Happy Birth Day?

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By: Ellen Van Stichel

 364,501 new stories every day. The way a child is born mirrors the society and the place where its cradle stands. It also determines its future.

 From the website of Lieve Blancqaert. Birth Day: http://www.birth-day.be/en/home

 In a project called ‘Birth Day’, the Flemish photographer, Lieve Blancqaert, travelled around the world (from Shanghai to Kenya, from the United States to India and Siberia) to ‘get a picture’ of how children are born in very different cultural settings. She literally drops by when women are in labour to find out ‘how the world welcomes its children’. The project has given rise to a book and exhibition of her photographs, and to a nine-part television documentary series. On Epiphany, the last episode was broadcast on TV, reporting on a hospital in Brussels where midwives take care of illegal immigrants. It was really a revelation; an eye-opener. Of course I was well aware of the fact that a ‘happy new year’ would not be given to all people, not even to all the inhabitants of one of the most wealthy countries of Europe. But what this episode revealed went far beyond my imagination.

About 200 people, half of whom were children, were living in an illegally occupied house, with poor heating and electricity and dirty toilets compared to which our stables for animals look like paradise. But an inhabitant praised the government for being so ‘humane’ as to let them at least live there. (Correction:  at the time of the interviews, in August 2013, these people lived there, but by November 2013 the mayor of the town had thrown them out, because it was ‘unsafe’.) A woman living on the street with a 2-year old, three months pregnant by a man who gave her a roof above her head for a while (thus giving him all she had to offer – herself), could not find any place to stay and hopped from one place to another every day, most of the time ending up in the train station for the night. ‘This is much worse than it was in Africa, much worse,’ she says with a desperate voice and sad glance. The Christmas-event couldn’t be revived more strikingly.

The “migration of the desperate”[1], as John Paul II tended to call economically deprived migrants, was given a face. I was touched, completely in disbelief, and moved to sadness. How can it be that ‘my’ country, the capital of Europe, is not able help these people or to show some creativity to avoid these situations?

But what also concerns me – maybe at this point, even more – is the fact that our, my, society does not even seem to care anymore. In May we have ‘the mother of all elections’ as announced by media and politicians: with Flemish, federal and European elections all taking place on the same day. The credibility of the current government will be put to the test and the majority will have to see whether ‘the’ Flemish people regard the right-wing, separatist nationalist party NVA as the better alternative. For this party reflects a growing current that, despite its subtle presence, is gradually gaining momentum. This is a political current supported by people who feel frightened for the future, their future, their wealth; who are threatened by all kinds of challenges (migration not in the least), who feel isolated, abandoned, and treated unfairly by ‘the system’. The political reactions in Germany and Great Britain against the open borders policy of Europe which, for instance, allows Bulgarians and Hungarians easy access to work in the whole of Europe, reflects the wider scope of this tendency. This is occurring at a time when we need more solidarity and to join forces to work for justice across Belgium, across Europe.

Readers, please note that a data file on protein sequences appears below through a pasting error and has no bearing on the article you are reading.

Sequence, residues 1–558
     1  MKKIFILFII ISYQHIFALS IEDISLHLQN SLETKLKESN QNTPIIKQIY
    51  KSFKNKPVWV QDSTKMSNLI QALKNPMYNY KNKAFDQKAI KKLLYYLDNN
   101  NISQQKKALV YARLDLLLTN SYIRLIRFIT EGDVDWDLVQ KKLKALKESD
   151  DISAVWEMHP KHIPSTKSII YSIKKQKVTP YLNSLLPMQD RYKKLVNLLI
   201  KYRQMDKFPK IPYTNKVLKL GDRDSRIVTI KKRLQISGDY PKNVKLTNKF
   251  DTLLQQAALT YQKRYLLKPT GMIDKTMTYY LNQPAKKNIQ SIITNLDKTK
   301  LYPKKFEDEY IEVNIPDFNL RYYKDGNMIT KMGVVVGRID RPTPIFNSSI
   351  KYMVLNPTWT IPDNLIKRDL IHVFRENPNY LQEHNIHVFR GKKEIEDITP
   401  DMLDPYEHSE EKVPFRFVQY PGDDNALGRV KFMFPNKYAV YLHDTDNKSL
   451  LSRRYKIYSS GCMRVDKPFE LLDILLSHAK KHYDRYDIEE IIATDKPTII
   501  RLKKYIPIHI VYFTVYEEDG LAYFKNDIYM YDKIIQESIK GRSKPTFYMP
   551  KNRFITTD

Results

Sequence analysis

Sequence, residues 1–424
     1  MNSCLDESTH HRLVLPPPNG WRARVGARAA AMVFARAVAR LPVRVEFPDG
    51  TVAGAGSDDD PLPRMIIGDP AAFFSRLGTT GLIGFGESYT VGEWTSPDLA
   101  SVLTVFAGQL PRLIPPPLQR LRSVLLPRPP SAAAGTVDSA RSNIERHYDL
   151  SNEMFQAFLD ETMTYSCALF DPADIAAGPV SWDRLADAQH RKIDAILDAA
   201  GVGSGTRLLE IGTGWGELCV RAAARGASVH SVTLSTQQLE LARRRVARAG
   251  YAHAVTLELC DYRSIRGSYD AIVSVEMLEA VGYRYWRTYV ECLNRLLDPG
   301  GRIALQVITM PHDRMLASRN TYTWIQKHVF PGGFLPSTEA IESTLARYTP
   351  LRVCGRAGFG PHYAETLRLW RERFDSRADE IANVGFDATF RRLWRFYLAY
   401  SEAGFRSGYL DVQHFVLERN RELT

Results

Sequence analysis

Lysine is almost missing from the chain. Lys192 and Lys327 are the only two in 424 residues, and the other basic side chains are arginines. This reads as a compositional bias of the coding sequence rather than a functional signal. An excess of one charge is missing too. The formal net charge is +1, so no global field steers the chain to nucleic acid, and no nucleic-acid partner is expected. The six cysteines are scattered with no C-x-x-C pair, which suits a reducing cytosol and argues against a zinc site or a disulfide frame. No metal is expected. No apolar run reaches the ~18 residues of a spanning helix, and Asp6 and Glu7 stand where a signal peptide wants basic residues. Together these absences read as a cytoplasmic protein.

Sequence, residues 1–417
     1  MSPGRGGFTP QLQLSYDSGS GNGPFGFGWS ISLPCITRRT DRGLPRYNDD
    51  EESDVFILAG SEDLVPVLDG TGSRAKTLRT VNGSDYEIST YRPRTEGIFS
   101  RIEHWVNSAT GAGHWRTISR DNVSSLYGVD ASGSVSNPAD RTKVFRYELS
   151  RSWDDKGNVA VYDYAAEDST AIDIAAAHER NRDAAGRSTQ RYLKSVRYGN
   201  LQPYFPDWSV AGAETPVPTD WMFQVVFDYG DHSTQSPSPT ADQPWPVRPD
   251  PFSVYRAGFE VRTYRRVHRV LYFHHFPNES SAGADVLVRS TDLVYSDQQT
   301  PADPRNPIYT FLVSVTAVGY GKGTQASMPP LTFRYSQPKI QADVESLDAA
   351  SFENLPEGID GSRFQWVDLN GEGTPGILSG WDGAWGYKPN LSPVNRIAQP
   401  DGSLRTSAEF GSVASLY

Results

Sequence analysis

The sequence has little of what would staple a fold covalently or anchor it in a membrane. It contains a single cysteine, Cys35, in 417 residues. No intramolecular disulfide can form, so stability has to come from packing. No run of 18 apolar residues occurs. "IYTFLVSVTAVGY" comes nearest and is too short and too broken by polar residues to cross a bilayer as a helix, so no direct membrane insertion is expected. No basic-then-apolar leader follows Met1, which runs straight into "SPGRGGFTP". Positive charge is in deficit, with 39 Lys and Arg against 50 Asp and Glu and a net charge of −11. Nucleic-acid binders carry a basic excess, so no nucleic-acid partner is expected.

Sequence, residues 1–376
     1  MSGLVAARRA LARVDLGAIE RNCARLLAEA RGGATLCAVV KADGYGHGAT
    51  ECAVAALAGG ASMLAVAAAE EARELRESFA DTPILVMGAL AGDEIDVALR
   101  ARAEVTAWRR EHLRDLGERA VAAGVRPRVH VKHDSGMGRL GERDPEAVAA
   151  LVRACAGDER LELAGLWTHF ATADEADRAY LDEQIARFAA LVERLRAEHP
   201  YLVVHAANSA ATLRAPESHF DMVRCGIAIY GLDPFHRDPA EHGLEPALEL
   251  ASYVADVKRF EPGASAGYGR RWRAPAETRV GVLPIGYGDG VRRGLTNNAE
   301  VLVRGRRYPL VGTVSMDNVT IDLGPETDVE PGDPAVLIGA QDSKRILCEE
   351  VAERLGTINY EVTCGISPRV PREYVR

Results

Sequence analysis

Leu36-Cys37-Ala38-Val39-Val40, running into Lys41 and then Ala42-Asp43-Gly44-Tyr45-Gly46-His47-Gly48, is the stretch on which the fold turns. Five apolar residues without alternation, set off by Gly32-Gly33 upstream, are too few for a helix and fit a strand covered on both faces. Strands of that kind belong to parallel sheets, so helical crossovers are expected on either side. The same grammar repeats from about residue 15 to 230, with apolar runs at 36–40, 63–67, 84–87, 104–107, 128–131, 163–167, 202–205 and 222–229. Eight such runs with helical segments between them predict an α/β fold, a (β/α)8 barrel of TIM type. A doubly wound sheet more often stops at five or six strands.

These responses reflect the danger John Paul II warned of, namely the tendency to “talk less and less of the situation of ‘emigrants’ in their countries of origin, and more and more of ‘immigrants’ with respect to the problems they create in the countries where they settle”[2].

Easy answers to this complex social question are hard to give, perhaps especially for theological ethicists. These situations are far from the ideal “right not to have to migrate” so that people can live in their identity-constituting community, as Catholic social thought has put it.[3] Even the more realistic idea of a “right to immigrate”[4] seems an idealistic dream in this political and social context. In order to realize these ideals, if ever, structures will have to change. Moreover, to deal with migrants today, structures of receiving countries, such as mine, will have to change.

Until then, it is comforting to know that there are people, such as these midwives, who feel the injustice and just do care (or do just care!) – both symbolically and literally speaking – for these illegal immigrants!

 

 

Ellen Van Stichel is postdoctoral researcher of the Anthropos-project (Faculty of Theology and Religious Studies of KU Leuven, Belgium).  Anthropos is an interdisciplinary project of fundamental theologians and theological ethicists seeking to develop a renewed theological anthropology rooted in the Christian tradition and in dialogue with contemporary science and philosophy. As an ethicist, she is connected to Fara, an organization concerned with counseling women and couples when facing a dilemma during their pregnancy (for example, the pregnancy is unplanned, or the child may be disabled). Hence, her research interests are in social and political ethics, as well as biomedical ethics.

 



[1] John Paul II, Message of for the World Day of Migration 2000, §4.

[2] Jon Paul II, Message for World Migration Day 1996, §1.

[3] See Pontifical Council fort the Pastoral Care of Migrants and Itinerant People, Instruction: Erga Migrantes Caritas Christi (The Love of Christ Towards Migrants”, §29.

[4] Laborem Exercens, §23.

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